Michigan State’s Connor Heyward hopes to show his versatility as fullback at Senior Bowl

Detroit News

Mobile, Ala. — Connor Heyward isn’t trying to be the first of Craig “Ironhead” Heyward’s sons to make it to the NFL. That distinction belongs to Cameron, the perennial Pro Bowl defensive tackle for the Pittsburgh Steelers. But the youngest of four brothers is certainly the closest to directly following in his father’s footsteps.

As a “skinny” high schooler, Connor played wide receiver, quarterback, safety and even punted a little. Recruited to Michigan State as an athlete, he continued to move around, seeing time as wide receiver, running back, and eventually tight end.

But as Connor auditions for future employers at the Senior Bowl this week, there he is, down after down, lining up as the lead back in the I-formation, like dad did for 11 NFL seasons.

But the game has changed since the days of Ironhead. The 260-pound fullbacks have been replaced, surviving the threat of extinction by evolving. Those who play the position these days are 20 pounds lighter, more athletic and, by extension, more versatile.

The younger Heyward fits that mold, with a college resume chock full of examples. He’s not his father, nor has he pretended to be. He’s attempting to carve his own path to the pros, looking to more closely emulate the modern day gold standard at the position, Kyle Juszczyk of the San Francisco 49ers.

“You see him do a lot of different things,” Heyward said. “They’ll have him in 12 personnel (formations with one running back and two tight ends), they’ll have him in 21 personnel (formations with two running backs). He can plug and play anywhere. Just being able to see a guy like that, that’s so versatile, I think we have a lot of similarities in our games.”

Paired with the Detroit Lions coaching staff in Mobile is a blessing for Heyward. The team’s coaching staff has an affinity for the fullback position and worked diligently during the season to incorporate their own lead back, Jason Cabinda, into each week’s game plan.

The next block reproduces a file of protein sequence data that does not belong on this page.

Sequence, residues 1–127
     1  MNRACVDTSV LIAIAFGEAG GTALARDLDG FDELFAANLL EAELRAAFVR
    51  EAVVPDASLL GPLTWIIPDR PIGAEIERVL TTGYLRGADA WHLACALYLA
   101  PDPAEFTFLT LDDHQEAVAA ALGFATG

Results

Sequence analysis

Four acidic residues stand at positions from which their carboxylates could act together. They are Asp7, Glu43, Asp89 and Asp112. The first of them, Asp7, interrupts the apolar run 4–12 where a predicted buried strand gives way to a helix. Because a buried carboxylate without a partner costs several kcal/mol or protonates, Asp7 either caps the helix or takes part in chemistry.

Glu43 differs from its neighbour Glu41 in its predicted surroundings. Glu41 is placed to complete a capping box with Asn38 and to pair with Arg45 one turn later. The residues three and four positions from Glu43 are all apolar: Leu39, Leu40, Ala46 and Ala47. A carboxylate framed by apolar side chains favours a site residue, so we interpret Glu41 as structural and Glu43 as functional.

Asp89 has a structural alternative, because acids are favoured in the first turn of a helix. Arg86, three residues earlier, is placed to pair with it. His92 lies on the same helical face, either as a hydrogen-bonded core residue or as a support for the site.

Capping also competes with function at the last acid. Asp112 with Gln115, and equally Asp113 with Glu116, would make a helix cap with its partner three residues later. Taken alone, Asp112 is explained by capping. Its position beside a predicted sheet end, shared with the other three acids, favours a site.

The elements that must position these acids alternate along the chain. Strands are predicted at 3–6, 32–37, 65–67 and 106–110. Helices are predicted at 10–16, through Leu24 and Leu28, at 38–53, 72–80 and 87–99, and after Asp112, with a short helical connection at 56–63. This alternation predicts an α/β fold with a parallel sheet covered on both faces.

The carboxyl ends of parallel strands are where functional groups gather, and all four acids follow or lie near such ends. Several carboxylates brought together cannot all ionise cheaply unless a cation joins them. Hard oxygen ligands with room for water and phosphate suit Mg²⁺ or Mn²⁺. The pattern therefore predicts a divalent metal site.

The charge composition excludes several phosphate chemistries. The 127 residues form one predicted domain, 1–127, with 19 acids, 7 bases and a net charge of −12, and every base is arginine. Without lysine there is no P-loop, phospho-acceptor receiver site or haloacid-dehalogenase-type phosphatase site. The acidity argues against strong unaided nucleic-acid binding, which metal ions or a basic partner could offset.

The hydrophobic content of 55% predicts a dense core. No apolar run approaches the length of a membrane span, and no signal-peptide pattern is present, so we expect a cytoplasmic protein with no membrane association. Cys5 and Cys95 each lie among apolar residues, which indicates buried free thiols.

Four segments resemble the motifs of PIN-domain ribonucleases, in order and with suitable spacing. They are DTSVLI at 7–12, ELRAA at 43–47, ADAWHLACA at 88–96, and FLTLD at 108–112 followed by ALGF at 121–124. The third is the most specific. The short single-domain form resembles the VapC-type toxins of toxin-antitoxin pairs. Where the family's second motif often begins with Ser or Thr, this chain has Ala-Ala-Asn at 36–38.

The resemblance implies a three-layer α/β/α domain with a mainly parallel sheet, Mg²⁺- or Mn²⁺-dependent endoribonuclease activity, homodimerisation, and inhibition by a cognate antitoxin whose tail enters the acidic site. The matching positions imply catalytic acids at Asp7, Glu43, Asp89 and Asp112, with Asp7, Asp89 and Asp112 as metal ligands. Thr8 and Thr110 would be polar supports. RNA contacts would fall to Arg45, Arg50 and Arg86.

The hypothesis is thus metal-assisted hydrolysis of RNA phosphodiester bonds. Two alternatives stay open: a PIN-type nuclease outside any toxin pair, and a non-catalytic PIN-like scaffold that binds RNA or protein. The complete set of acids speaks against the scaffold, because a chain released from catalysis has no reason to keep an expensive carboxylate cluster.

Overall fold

“We’re doing a lot of fullback stuff, so the more I’m out there, the better, just to put that much more tape out there,” Heyward said. “A lot of teams are trying to get back to that fullback, have that fullback on the roster, or an h-back, because you can do so much with them and you can always keep the defense on their toes.”

While prospective employers at the next level are continuing to evaluate Heyward’s potential fit for their roster, there will be few concerns about his attitude and approach.

Going from starting running back to supporting cast member with the Spartans, Heyward reconsidered transferring and proved he was more interested in being on the field than getting the ball. He takes great joy playing a role in Kenneth Walker’s outstanding 2021 campaign and Heyward also has an affinity for special teams, similarly serving as a lead blocker on kickoffs the past couple seasons, while helping with protection and alignments in punt formations.

“I just want to be on the field, at the end of the day,” Heyward said. “That’s always been my mentality. It doesn’t matter whether I’m getting the ball or not, I just want to impact the game somehow.”

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